Being better off the field

My friends and I attended the exhibition basketball game on Friday in Coleman Coliseum. With it being the first game of the season, we were anxious to see what the team looked like and to get a glimpse into how the rest of the season would play out. As a proudly rowdy sports fan, I had a shaker in each hand, cheering and yelling and dancing with the band.

But then Big Al stole my shakers.

I thought he would just run around for a while and then bring them back to me, but then I saw him hand them to two little girls a couple rows behind me. Now, at first I wasn’t very happy – how do you expect me to cheer without my shakers? But then I thought of what those little girls’ dreams might be.

And then I thought about those little girls’ dreams again on Saturday morning when I heard about that awful banner put up (and thankfully taken down) (off campus.)

I don’t think we realize the impact we have on the generations after us, and truly, the entire nation. People see what we do – there was a feature story on Alabama in The New York Times this week – and they watch us closely, waiting for us to maneuver our way into yet another scandal.

The children of this area, though, like the little girls who now own my shakers, just know that this is where they want to be. They don’t realize the terrible things happening on campus each year. They don’t see The Machine and how it runs this campus. They don’t see hazing. All they know is that it’s their dream to come here.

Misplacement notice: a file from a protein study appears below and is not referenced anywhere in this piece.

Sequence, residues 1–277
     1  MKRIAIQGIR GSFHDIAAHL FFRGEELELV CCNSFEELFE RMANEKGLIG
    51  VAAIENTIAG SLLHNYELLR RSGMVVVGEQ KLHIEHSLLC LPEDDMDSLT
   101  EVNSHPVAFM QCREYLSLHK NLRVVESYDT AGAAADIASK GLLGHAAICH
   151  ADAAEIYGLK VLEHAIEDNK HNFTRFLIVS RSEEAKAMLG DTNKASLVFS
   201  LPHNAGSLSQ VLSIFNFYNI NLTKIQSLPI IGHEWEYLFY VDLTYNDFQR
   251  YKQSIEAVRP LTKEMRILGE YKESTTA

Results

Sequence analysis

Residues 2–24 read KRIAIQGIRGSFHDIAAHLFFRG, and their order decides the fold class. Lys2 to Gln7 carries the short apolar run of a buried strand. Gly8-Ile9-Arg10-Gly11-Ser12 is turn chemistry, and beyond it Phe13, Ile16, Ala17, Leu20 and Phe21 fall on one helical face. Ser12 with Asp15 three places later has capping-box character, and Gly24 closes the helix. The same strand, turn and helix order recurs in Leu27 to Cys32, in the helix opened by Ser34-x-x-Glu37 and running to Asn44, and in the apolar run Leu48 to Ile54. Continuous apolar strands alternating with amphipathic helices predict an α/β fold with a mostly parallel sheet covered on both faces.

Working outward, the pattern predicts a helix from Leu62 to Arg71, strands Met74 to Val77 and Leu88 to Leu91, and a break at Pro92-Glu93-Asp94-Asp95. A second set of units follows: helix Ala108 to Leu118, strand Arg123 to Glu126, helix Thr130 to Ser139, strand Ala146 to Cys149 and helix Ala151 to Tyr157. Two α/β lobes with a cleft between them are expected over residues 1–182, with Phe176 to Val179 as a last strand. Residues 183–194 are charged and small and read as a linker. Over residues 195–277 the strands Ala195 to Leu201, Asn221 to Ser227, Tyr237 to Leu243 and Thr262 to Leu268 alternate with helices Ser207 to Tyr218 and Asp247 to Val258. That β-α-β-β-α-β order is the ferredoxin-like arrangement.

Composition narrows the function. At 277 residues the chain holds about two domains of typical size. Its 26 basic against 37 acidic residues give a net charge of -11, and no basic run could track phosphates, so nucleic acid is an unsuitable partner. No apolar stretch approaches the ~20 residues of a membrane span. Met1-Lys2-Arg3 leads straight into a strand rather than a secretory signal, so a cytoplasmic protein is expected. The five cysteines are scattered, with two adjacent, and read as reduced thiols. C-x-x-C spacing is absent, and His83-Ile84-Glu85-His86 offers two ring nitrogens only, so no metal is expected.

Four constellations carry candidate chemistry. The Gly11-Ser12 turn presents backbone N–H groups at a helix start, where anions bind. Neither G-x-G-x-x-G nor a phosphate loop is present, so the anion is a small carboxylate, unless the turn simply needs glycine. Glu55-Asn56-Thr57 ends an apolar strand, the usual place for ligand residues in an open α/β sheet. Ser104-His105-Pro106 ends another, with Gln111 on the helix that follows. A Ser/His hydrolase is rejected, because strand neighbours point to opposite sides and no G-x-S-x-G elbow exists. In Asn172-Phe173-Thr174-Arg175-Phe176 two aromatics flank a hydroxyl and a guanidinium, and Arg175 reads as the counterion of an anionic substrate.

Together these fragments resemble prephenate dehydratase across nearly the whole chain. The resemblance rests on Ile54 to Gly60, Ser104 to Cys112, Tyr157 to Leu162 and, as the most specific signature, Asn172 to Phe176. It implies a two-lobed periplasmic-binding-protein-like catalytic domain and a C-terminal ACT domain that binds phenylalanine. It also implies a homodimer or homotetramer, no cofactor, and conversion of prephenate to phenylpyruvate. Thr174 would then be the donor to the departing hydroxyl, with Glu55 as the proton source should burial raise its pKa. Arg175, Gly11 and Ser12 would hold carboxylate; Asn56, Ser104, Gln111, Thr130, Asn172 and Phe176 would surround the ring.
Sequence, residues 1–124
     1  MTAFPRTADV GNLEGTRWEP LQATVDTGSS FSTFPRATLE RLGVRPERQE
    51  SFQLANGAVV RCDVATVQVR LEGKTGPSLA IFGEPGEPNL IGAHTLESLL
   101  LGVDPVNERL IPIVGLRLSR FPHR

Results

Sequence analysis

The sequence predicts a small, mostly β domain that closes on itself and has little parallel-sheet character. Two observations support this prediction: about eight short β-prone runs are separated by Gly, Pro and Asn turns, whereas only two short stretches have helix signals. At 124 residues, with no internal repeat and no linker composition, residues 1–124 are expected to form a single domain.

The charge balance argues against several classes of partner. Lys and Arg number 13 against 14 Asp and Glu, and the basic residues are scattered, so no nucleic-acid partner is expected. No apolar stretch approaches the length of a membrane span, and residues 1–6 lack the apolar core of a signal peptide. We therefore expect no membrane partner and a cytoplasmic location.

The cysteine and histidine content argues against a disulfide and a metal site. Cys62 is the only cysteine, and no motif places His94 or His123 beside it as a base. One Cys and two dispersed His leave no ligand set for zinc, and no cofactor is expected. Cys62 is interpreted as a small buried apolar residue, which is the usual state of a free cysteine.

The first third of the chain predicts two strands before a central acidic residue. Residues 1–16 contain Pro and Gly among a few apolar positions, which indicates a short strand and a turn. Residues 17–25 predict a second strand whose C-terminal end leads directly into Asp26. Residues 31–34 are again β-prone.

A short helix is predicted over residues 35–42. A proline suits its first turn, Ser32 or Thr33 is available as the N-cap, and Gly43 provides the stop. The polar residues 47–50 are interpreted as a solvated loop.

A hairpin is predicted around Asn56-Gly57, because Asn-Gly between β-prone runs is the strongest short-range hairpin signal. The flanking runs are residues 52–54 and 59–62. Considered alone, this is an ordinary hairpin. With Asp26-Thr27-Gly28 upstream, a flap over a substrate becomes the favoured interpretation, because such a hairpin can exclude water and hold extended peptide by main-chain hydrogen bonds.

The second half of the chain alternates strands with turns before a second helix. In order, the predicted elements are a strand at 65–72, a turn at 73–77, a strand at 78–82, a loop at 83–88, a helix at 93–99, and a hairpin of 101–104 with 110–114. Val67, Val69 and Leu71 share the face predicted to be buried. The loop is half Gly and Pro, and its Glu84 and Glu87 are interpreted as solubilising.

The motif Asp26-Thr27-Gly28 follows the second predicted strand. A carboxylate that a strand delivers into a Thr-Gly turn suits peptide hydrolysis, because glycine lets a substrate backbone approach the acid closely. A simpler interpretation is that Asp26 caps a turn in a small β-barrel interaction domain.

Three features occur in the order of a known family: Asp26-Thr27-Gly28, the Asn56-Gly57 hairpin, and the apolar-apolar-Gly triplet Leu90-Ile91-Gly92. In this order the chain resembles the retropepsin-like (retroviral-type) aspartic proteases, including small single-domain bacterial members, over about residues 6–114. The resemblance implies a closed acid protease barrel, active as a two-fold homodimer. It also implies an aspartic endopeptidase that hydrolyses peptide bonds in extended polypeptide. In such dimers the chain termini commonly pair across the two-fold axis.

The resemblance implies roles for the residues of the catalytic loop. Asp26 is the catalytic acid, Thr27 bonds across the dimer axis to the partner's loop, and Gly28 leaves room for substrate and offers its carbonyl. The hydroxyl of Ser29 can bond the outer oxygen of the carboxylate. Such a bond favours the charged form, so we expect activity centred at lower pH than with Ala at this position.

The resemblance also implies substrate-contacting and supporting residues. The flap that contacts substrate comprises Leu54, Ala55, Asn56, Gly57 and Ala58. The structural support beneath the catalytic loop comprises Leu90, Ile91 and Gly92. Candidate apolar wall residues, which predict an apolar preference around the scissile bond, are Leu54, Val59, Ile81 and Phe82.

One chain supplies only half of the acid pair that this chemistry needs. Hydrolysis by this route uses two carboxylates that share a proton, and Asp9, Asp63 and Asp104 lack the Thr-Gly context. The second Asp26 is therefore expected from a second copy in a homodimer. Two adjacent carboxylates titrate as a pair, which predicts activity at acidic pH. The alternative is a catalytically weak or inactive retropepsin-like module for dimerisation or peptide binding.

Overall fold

I remember the beginning of my dream to come here. An old camp counselor of mine told us all about Alabama, and I loved the way she talked so passionately about her dreams coming true. I wanted that passion for Alabama for myself, so I made it my own – from then to my first football game, to watching the cheerleaders, to applying and being accepted to the University. I felt my dreams coming true, and it was everything I’d hoped it would be and more.

But then I had my first experience with an Alabama scandal: the racist Snapchat incident.

Just as I vividly remember the way it felt when my dreams came to life, I remember the way it felt when they were crushed with the same intensity.

This is what I don’t want to happen to those little girls and their dreams. I don’t want our decisions to affect their hearts and their experiences with Alabama. This campus is much more than a place we go to school and have fun and play football, especially to the younger ones following us. To them, this is a place where dreams come true, and they look to us to find that passion.

We must do much, much more than talk about our class; we have to show it. We know better than to put up signs attacking vulnerabilities far beyond a football rivalry. We know better than to intentionally inflict pain on each other for the sake of “tradition.” We know better than to boo the opposing team upon entrance and yell intense profanities toward rivals between (song lyrics.)

These are not the traditions I want to pass to the classes below us. I want to pass down true class, passion and pure love for the The University of Alabama. I want to see their dreams be fulfilled. That is my dream.

You learn a lot when an elephant steals your shakers.

Danielle Waddell is a sophomore majoring in journalism. (Her 
column runs weekly.)

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